Wow! It’s 2016 already. Time sure goes fast these days. As we enter a new year, I want to thank you all for reading my blog tips and tricks for parents, teachers, and fellow tutors.
Second semester will begin in a few days. It’s important to get your kids back into a routine as soon as possible. They will be tired, as will you, after the holidays, so an earlier bed time is a good idea for the first couple of weeks back to school. Re-establish homework routines, morning routines, and evening routines as soon as school starts (or a few days sooner if you can). Give your kids, and yourself, a little grace as you get back into the swing of things.
Here’s to a great year of learning and fun in 2016!
We’ve had lots of snow days here in Colorado lately. Have you ever thought of doing a little math with your kids while they are out playing in the snow? You could even sneak it in without your kids realizing they are practicing math. Here are some examples for younger kids:
- Count how many snowballs you can each make. Compare the numbers. Who made more? Who made less? How many more? How many fewer? Write the numbers in the snow using a stick or your gloved hand.
- Make a snowman. Measure the circumference (Around) of each snowball. How big can you make the bottom? How small does the top have to be? Measure the height of your snowman. Is it taller than you? Shorter than you?
- Going sledding? How many seconds does it take you to sled down the hill? What could you do to make yourself go faster? What could you do to slow yourself down? How many steps does it take you to walk up the hill after you sled down?
Enjoy the snow and stay warm!
Merry Christmas to all my loyal friends and followers. It is a pleasure to write for you. I truly enjoy giving you tips and tricks to help with your children’s education. Enjoy this holiday time with your loved ones.
Within the common core standards, students are expected to reference the text when answering questions. Each written response question they answer ends with, “Use evidence from the text to support your answer.” But, students don’t always know how start a text based evidence answer. Below are some examples of phrases students could use to start their answers to evidence based questions. (Some of these phrases came from a fellow teacher who uses a site called The Teacher Next Door.)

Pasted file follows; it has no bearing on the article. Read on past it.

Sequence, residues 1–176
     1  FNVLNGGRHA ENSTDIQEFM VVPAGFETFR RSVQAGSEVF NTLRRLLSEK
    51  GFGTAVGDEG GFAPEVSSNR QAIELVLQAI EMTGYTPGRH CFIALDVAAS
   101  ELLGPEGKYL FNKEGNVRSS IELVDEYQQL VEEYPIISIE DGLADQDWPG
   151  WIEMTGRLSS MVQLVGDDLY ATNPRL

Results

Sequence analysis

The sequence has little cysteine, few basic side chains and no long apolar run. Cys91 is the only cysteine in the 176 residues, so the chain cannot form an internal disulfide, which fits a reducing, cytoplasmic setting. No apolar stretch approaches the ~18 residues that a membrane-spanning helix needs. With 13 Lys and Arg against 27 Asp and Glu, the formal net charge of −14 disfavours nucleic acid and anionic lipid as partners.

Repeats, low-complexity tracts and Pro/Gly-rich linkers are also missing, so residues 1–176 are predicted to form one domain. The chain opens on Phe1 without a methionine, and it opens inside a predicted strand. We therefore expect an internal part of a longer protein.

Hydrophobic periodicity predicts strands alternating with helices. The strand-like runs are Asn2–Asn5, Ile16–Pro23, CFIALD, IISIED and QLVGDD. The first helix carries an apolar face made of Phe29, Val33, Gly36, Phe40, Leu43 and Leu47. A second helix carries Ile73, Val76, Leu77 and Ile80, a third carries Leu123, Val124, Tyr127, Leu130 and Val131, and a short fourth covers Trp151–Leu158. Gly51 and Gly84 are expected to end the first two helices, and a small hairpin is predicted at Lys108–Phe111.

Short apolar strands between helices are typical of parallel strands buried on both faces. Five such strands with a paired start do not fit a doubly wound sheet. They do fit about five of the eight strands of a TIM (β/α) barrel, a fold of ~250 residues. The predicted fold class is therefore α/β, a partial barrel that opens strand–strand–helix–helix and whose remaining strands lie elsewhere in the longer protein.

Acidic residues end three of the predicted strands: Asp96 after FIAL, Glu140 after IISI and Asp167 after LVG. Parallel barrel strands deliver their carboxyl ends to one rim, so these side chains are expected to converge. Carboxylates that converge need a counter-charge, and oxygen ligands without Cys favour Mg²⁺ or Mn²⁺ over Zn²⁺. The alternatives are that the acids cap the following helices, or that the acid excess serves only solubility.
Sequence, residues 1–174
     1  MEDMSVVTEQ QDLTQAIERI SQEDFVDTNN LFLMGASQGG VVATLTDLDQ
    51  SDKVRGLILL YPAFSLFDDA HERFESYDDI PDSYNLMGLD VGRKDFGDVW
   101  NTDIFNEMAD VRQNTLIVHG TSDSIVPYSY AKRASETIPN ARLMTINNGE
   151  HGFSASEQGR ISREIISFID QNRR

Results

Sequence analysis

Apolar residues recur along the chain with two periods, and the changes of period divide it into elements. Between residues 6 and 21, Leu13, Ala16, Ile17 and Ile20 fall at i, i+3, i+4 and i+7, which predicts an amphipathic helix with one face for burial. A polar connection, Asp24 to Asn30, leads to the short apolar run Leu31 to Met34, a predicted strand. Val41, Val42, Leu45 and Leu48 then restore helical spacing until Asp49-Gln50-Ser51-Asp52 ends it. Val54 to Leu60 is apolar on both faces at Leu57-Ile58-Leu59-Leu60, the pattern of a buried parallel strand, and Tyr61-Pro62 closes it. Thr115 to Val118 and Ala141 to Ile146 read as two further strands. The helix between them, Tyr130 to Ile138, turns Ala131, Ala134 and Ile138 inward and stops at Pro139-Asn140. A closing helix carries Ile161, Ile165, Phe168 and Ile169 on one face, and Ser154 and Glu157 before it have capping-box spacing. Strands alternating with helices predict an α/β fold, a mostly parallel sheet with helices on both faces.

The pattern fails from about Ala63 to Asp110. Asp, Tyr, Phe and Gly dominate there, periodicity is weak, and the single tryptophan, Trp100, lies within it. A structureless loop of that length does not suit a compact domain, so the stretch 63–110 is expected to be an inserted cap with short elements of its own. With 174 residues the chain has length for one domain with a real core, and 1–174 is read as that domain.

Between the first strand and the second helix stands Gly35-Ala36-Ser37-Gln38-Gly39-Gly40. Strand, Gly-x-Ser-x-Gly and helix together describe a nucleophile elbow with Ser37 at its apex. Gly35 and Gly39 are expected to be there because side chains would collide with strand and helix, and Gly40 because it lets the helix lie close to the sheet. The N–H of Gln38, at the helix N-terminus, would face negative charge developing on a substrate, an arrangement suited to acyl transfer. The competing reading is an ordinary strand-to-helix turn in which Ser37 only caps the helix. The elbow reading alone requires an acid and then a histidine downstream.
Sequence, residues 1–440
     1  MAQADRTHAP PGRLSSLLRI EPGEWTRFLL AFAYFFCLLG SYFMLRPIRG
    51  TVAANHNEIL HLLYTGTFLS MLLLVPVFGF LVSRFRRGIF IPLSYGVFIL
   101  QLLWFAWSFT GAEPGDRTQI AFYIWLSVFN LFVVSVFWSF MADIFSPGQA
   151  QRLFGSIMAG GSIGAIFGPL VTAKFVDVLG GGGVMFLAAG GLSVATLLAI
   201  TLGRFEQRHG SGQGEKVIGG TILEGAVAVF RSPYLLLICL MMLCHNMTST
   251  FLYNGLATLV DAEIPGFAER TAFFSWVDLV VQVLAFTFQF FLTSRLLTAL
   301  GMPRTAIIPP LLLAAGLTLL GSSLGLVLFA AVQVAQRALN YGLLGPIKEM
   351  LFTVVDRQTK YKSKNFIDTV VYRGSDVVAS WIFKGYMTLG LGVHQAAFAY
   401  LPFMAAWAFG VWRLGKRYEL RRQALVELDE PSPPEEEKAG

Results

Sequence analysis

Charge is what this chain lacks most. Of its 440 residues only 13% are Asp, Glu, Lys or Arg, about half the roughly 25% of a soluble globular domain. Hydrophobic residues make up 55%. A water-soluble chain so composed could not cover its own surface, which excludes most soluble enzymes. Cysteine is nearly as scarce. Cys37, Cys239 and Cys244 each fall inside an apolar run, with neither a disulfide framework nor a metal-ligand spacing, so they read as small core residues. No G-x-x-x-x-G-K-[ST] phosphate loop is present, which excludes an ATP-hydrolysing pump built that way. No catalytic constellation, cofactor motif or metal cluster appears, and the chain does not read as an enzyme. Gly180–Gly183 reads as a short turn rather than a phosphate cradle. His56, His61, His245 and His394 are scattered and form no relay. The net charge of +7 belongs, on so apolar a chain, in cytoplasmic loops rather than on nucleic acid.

The author wrote…
According to the text…
In the text, it said…
One example from the text is…
Based on what I read…
On page___, I noticed…
In paragraph___, it said…
I know this because…
Now that Common Core standards have taken over in the classroom, the questions students are answering about literature have changed dramatically. No more questions as simple as: Who is the main character? What is the setting? What is the problem and solution? Although I feel those questions are still quite valuable in determining whether the student understands the basics of a text, there are questions that are much more in depth that your students should also be able to answer. Below is a sample of fiction and non-fiction responses to text:
Responses to a Fiction Text
- Summarize what you read today. What were the most important events? Did you learn anything new about the characters?
- Is what you read believable? Why or why not?